Journal of the European Society for Gynaecological Endoscopy


Retrospective observational RT-PCR analyses on 688 babies born to 843 SARS-CoV-2 positive mothers, placental analyses and diagnostic analyses limitations suggest vertical transmission is possible

G. Bahadur 1,2, M. Bhat 3, S. Acharya 3, D. Janga 1, B. Cambell 1, J. Huirne 4, W. Yoong 1, A. Govind 1, J. Pardo 1, R. Homburg 2

1 Reproductive Medicine Unit/Obstetrics and Gynaecology Unit, North Middlesex University Hospital, Old Admin Block, Sterling Way, London N18 1QX, UK;
2 Homerton Fertility Unit, Homerton University Hospital, Homerton Row, London E9 6SR,UK;
3 Ayrshire Fertility Unit, University Hospital Crosshouse, Kilmarnock, Scotland;
4 University Medical Centers Amsterdam, Research Institute Reproduction and Development. Amsterdam, The Netherlands.


COVID-19, SARS-CoV-2, pregnancy, risks, vertical transmission

Published online: Mar 31 2021


Research question: Is there vertical transmission (from mother to baby antenatally or intrapartum) after SARS-CoV-2 (COVID-19) infected pregnancy?

Study design: A systematic search related to SARS-CoV-2 (COVID-19), pregnancy, neonatal complications, viral and vertical transmission. The duration was from December 2019 to May 2020.

Results: A total of 84 studies with 862 COVID positive women were included. Two studies had ongoing pregnancies while 82 studies included 705 babies, 1 miscarriage and 1 medical termination of pregnancy (MTOP). Most publications (50/84, 59.5%), reported small numbers (<5) of positive babies. From 75 studies, 18 babies were COVID-19 positive. The first reverse transcription polymerase chain reaction (RT-PCR) diagnostic test was done in 449 babies and 2 losses, 2nd RT-PCR was done in 82 babies, IgM tests were done in 28 babies, and IgG tests were done in 28 babies. On the first RT-PCR, 47 studies reported time of testing while 28 studies did not. Positive results in the first RT-PCR were seen in 14 babies. Earliest tested at birth and the average time of the result was 22 hours. Three babies with negative first RT-PCR became positive on the second RT-PCR at day 6, day 7 and at 24 hours which continued to be positive at 1 week.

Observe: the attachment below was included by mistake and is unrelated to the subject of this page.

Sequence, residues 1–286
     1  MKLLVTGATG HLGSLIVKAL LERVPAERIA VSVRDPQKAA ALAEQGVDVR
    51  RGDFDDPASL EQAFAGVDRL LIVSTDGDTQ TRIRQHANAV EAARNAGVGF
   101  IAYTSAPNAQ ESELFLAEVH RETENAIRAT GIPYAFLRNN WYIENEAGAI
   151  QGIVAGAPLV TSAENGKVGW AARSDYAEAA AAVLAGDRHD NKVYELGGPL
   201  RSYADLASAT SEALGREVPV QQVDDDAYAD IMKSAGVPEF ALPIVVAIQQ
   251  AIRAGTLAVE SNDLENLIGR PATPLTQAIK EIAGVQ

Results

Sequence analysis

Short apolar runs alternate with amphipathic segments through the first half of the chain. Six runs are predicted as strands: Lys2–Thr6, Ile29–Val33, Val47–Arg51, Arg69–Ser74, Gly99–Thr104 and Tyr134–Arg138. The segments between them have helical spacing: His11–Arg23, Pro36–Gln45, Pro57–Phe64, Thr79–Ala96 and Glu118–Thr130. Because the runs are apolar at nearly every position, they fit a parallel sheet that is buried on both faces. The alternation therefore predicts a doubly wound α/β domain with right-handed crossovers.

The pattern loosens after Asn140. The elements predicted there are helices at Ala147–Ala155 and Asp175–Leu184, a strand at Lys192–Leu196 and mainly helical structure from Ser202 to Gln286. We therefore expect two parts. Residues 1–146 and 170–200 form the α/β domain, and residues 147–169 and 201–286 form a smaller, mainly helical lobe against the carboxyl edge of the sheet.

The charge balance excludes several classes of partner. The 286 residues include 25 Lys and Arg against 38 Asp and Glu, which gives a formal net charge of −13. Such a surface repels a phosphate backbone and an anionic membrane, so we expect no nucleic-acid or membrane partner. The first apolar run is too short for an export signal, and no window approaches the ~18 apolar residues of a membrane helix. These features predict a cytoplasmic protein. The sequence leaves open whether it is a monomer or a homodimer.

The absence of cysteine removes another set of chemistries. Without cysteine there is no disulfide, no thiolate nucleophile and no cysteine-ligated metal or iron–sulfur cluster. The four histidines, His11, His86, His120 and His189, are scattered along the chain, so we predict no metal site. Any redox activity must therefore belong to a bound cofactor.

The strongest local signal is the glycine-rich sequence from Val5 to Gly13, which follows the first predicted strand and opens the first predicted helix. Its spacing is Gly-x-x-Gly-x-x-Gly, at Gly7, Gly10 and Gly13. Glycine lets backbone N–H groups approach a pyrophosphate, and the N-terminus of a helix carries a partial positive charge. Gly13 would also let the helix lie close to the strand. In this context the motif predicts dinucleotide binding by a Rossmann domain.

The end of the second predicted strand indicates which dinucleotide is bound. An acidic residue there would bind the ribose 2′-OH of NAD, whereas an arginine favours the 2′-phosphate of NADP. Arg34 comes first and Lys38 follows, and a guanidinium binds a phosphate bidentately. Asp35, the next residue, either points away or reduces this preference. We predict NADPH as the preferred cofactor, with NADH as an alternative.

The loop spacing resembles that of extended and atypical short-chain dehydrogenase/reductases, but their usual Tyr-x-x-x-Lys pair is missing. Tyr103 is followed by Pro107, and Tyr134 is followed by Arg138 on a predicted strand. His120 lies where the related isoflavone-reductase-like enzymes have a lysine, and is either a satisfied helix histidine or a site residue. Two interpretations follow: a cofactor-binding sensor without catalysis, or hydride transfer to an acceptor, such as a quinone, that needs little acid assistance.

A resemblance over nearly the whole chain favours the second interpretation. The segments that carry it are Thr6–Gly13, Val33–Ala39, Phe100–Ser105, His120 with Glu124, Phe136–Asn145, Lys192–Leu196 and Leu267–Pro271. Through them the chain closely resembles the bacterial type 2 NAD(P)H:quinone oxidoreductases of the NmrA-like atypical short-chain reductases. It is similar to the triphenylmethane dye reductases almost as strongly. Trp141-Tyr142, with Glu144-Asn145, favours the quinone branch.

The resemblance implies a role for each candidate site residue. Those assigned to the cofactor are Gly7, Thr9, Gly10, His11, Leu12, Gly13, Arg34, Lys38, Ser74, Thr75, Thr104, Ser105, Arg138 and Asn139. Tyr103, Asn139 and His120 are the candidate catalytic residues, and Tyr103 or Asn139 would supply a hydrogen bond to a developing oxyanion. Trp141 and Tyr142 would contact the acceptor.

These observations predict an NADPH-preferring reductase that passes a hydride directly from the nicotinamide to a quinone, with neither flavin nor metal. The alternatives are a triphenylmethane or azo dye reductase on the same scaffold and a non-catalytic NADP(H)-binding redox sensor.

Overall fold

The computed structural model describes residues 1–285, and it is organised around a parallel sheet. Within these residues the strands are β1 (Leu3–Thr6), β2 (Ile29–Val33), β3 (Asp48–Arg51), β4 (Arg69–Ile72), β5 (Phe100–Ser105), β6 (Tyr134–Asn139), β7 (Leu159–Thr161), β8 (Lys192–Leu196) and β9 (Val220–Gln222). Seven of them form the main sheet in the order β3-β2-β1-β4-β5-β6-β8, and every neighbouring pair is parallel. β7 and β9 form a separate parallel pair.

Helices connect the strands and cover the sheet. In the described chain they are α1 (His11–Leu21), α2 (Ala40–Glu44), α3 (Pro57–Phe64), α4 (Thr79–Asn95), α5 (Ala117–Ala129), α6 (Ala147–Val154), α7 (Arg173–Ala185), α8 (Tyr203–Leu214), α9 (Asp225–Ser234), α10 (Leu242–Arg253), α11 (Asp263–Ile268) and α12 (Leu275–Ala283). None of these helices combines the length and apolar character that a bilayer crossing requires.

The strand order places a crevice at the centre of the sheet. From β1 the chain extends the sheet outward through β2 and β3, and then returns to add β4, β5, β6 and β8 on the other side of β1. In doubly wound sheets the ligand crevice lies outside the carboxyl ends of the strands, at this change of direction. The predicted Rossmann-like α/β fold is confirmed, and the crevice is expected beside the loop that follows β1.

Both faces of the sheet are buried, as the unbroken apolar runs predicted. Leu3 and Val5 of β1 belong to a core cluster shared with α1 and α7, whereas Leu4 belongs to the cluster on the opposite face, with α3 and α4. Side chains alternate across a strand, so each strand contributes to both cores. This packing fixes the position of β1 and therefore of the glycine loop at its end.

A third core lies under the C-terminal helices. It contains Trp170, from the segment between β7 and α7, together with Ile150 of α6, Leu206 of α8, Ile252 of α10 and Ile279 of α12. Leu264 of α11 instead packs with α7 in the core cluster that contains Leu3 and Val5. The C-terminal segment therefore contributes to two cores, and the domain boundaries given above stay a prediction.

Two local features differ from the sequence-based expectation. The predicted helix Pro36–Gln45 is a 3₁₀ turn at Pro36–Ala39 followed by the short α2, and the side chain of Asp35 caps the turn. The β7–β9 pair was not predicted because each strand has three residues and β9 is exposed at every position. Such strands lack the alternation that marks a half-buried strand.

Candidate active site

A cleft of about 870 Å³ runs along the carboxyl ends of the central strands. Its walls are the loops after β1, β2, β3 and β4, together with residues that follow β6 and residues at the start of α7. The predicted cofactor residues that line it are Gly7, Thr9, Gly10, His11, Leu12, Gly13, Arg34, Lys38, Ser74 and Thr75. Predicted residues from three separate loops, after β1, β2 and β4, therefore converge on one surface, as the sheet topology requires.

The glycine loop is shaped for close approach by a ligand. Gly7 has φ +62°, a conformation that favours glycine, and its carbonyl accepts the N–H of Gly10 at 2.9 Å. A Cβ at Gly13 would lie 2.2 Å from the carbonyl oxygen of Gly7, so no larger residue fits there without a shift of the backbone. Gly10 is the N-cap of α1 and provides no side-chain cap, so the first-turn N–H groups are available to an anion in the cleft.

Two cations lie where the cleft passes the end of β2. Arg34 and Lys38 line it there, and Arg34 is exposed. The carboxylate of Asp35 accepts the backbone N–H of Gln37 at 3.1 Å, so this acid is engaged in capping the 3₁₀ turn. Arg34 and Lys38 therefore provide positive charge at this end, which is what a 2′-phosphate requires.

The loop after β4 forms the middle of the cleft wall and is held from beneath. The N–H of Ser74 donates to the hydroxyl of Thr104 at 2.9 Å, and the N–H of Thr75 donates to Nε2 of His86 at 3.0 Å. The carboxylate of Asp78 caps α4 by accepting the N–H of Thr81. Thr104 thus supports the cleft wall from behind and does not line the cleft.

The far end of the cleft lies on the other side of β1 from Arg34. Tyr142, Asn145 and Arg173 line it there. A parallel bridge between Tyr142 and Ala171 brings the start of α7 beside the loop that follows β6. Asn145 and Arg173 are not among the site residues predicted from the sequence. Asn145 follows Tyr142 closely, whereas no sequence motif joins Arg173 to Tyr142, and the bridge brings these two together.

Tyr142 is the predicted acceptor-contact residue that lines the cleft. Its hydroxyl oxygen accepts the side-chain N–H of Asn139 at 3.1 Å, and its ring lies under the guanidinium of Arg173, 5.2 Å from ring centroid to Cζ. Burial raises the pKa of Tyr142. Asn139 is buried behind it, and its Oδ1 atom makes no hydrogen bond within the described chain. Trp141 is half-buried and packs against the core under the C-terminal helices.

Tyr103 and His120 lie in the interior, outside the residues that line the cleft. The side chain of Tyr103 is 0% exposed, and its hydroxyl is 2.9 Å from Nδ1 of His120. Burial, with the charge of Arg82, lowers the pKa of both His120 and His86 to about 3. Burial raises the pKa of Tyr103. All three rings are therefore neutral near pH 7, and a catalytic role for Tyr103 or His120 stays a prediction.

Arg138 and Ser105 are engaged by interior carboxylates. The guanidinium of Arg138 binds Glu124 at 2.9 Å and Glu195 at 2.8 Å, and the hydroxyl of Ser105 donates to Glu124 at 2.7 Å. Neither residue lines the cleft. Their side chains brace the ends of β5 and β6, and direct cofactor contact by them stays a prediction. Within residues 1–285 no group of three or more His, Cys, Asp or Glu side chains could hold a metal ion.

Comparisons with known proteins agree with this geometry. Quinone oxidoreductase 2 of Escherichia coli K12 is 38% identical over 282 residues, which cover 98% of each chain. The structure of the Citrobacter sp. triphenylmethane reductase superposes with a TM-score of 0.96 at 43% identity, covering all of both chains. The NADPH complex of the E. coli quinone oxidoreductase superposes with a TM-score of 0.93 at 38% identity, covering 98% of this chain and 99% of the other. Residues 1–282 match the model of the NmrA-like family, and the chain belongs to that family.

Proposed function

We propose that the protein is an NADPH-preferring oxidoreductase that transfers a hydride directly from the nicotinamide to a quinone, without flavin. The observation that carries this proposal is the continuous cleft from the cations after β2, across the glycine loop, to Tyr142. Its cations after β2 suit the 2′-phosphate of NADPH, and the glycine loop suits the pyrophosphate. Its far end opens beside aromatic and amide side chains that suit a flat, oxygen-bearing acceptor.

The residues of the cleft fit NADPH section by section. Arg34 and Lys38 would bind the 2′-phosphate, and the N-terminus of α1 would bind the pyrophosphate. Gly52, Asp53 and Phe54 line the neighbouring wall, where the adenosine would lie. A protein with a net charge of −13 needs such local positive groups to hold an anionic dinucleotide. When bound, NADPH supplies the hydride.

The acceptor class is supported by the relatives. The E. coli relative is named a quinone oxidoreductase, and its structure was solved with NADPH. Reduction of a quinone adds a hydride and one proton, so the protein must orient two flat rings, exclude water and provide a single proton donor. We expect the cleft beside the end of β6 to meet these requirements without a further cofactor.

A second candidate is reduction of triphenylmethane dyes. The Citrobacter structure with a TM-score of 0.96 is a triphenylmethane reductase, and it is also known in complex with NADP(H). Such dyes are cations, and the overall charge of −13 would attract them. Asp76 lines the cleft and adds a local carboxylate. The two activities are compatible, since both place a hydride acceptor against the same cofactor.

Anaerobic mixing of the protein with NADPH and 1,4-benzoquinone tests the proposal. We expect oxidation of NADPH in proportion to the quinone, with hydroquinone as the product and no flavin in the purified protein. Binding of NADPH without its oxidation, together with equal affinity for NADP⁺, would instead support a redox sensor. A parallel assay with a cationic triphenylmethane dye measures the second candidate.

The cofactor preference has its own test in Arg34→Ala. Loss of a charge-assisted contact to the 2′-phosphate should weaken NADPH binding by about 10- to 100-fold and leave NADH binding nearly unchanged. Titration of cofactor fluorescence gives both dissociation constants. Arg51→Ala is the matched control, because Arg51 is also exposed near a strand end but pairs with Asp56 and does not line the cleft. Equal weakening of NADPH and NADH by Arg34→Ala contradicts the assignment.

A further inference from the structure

Four studies with a total of 4 placental swabs were positive demonstrating SARS-CoV-2 localised in the placenta. In 2 studies, 10 tests for amniotic fluid were positive for SARS-CoV-2. These 2 babies were found to be positive on RT-PCR on serial testing.

Conclusion: Diagnostic testing combined with incubation period and placental pathology indicate a strong likelihood that intrapartum vertical transmission of SARS-CoV-2 (COVID-19) from mother to baby is possible.